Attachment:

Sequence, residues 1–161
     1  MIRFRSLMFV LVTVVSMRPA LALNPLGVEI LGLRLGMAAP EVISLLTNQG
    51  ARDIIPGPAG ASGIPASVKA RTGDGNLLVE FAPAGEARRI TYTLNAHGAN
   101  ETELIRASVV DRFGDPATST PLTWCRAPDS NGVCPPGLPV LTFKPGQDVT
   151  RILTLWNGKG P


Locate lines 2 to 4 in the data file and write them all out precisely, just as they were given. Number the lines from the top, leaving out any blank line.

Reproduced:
     1  MIRFRSLMFV LVTVVSMRPA LALNPLGVEI LGLRLGMAAP EVISLLTNQG
    51  ARDIIPGPAG ASGIPASVKA RTGDGNLLVE FAPAGEARRI TYTLNAHGAN
   101  ETELIRASVV DRFGDPATST PLTWCRAPDS NGVCPPGLPV LTFKPGQDVT